Ringside Seat: Wisconsin Politics, the 1970s to Scott Walker
A candid and insightful book covering the last 45 years of Wisconsin politics. RINGSIDE SEAT: Wisconsin Politics 1970 to Scott Walker takes a look at not only at the Act 10 episode but also Cullen’s upbringing, how he came into public service, the two eras he served in the State Senate, the changes that occurred between these two time periods and the observations he made from his “ringside seat.”
“…part memoir, part attempt to be a political-instruction manual, part history of nearly half a century of Wisconsin politics, part critique of politics today and part critique of the Walker governorship. This book is also an effort to tell the true story of Wisconsin values which are more important than any one person or any one governor.”
Ringside Seat has chapters on the nature of politics, then and now; Act 10 and the true story on the Illinois episode; how gerrymandering has severely affected democracy in Wisconsin; the manipulation of the facts on the mining issue in northern Wisconsin; and, in Scott Walker’s own words, the dropping of “bombs” on Wisconsin such as the attack on the University of Wisconsin System including the ill-fated effort to eliminate the commitment the UW-Madison has had to the pursuit of truth since 1892, the Voter Suppression I.D. law, the refusal to grant any pardons (unlike his predecessors), leading the effort to eliminate the Government Accountability Board, orchestrating the attempt to gut Wisconsin’s Open Records statute, and trying vigorously to replace Wisconsin’s civil service system with a return to political patronage. The list of other “bombs” could go on for much longer.”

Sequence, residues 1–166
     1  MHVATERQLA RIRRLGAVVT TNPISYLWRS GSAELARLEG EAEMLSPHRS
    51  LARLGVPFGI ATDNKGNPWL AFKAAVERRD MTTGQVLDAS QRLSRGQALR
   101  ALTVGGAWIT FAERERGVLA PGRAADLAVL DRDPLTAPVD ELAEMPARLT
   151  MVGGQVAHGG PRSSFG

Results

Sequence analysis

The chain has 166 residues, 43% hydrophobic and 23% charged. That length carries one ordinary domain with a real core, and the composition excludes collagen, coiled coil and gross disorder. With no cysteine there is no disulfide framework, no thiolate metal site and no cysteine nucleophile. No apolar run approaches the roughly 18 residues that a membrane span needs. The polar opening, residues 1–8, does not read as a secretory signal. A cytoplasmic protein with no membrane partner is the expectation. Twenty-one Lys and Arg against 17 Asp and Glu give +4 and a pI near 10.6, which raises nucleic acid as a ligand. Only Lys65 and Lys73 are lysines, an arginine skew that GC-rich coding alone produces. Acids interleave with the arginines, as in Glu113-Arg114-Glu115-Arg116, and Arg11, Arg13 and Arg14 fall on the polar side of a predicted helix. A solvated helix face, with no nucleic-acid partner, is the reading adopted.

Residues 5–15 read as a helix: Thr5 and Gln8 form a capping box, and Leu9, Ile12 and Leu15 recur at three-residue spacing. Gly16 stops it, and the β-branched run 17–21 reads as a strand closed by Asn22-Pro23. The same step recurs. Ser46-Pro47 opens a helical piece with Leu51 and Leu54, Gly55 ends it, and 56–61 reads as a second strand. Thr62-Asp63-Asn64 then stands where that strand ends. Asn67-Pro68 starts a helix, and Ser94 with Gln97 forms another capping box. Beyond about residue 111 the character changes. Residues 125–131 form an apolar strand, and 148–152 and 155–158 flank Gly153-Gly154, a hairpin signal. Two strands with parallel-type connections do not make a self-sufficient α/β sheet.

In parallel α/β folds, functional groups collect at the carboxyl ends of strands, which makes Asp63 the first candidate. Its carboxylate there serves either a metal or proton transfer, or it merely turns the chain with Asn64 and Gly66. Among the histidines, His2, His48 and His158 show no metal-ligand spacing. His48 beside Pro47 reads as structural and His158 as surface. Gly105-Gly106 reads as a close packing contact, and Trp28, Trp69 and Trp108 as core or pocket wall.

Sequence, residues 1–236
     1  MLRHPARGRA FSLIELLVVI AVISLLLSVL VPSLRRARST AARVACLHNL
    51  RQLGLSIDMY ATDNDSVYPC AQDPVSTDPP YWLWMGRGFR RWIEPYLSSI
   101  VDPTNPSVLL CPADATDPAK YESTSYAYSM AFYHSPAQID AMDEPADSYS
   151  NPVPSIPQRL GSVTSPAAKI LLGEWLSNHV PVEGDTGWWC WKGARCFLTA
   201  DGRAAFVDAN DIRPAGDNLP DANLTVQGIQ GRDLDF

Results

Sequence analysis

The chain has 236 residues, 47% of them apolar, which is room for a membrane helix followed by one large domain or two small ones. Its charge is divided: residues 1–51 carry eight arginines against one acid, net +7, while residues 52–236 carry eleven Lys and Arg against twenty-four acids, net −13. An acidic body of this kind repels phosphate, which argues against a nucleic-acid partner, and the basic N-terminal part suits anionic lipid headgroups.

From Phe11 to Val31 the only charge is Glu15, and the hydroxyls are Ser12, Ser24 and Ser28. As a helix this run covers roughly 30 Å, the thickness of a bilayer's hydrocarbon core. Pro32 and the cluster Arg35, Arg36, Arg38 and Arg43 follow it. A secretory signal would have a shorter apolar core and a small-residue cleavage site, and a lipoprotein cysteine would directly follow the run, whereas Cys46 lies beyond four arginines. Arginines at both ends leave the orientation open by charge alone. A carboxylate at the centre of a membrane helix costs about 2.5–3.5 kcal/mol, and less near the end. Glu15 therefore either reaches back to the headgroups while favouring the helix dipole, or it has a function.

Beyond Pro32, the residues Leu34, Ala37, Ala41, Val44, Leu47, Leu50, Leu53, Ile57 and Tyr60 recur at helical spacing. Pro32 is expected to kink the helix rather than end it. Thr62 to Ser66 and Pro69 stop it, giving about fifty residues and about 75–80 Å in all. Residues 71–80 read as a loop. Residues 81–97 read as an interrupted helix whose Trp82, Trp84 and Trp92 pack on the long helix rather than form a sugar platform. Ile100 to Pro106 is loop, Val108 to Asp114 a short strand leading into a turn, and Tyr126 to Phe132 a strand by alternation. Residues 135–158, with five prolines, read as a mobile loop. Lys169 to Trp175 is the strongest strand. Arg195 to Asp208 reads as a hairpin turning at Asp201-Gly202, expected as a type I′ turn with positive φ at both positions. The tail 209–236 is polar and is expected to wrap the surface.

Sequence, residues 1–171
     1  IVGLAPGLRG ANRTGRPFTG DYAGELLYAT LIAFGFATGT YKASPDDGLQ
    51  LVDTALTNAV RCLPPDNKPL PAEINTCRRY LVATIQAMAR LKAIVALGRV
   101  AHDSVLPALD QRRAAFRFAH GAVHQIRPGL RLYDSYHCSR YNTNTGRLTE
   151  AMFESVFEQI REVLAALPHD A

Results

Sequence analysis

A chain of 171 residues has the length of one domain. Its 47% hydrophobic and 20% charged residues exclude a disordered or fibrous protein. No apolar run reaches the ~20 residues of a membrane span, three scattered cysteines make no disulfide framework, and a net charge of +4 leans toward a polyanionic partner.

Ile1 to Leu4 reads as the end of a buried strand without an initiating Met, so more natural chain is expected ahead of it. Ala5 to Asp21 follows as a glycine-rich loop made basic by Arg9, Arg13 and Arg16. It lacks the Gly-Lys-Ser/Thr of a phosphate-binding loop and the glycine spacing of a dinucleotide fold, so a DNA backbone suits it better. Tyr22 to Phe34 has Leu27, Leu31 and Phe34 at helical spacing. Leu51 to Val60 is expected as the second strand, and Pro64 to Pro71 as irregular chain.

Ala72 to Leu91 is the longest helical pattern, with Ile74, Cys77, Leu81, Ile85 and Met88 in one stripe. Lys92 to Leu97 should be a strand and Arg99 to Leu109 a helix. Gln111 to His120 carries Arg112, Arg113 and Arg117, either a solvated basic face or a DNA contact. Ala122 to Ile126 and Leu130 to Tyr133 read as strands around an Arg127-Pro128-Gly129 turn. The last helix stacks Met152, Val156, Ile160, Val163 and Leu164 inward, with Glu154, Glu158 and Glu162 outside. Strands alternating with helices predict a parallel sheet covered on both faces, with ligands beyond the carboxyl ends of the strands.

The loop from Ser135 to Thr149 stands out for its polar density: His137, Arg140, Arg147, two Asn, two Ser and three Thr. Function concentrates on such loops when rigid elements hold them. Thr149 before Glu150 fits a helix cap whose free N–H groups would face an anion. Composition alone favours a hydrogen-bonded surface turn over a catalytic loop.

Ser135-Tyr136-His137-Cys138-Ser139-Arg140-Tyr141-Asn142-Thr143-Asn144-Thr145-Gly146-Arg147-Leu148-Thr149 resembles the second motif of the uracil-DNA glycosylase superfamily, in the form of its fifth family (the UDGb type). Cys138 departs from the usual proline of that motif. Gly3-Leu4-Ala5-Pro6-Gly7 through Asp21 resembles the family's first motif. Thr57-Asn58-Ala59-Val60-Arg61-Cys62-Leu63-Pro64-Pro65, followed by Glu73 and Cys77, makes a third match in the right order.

260 page paperback, 5.75 x 8.75 inches
ABOUT THE AUTHOR - Senator Tim Cullen
Tim Cullen was born and raised in Janesville, Wisconsin. Cullen graduated from UW-Whitewater with a Major in Political Science with a minor in History. The first election he won was to the Janesville City Council in 1970. Four years later Cullen was elected to the State Senate at the age of 30. He went on to become Senate Majority Leader and in 1987 he became Secretary of the Department of Health and Social Services under Governor Tommy Thompson. In 1988 Cullen took a job with Blue Cross and worked with them for the next 20 years. In 2010 he decided to run for his old Senate seat. He was elected and served until 2015. Today Cullen still lives in Janesville and spends his time working with the two foundations he started.
Cullen will donate all profits from this book to the Janesville Multicultural Teachers Opportunity Fund he started in 2008. The sole purpose of the Fund is to raise money for college scholarships for Janesville students of color. The goal is to support those students who wish to become teachers and are willing to return to Janesville to teach for at least three years.